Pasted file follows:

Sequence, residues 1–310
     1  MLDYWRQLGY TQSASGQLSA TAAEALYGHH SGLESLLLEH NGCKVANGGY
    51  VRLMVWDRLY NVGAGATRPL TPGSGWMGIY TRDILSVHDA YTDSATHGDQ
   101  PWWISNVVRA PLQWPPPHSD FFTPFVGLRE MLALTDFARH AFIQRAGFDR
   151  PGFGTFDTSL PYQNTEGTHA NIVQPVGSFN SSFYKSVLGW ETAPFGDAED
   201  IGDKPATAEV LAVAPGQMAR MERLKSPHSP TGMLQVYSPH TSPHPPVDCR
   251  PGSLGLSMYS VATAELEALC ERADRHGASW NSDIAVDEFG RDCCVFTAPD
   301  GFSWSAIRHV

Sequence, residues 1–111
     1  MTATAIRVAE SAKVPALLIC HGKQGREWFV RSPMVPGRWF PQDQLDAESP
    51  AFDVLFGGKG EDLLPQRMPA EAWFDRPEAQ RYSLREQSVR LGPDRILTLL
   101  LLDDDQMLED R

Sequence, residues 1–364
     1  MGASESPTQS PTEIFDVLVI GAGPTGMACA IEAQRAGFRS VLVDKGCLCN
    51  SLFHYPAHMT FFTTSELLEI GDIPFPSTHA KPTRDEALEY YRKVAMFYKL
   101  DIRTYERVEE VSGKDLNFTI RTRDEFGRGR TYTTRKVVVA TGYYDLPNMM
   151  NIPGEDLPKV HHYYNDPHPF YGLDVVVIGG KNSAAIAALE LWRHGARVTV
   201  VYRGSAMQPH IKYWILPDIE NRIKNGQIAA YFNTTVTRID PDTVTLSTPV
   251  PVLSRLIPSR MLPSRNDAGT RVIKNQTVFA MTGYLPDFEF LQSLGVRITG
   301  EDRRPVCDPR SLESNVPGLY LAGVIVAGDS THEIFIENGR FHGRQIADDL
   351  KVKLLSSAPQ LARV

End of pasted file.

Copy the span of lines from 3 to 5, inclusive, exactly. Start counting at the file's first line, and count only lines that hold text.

    51  VRLMVWDRLY NVGAGATRPL TPGSGWMGIY TRDILSVHDA YTDSATHGDQ
   101  PWWISNVVRA PLQWPPPHSD FFTPFVGLRE MLALTDFARH AFIQRAGFDR
   151  PGFGTFDTSL PYQNTEGTHA NIVQPVGSFN SSFYKSVLGW ETAPFGDAED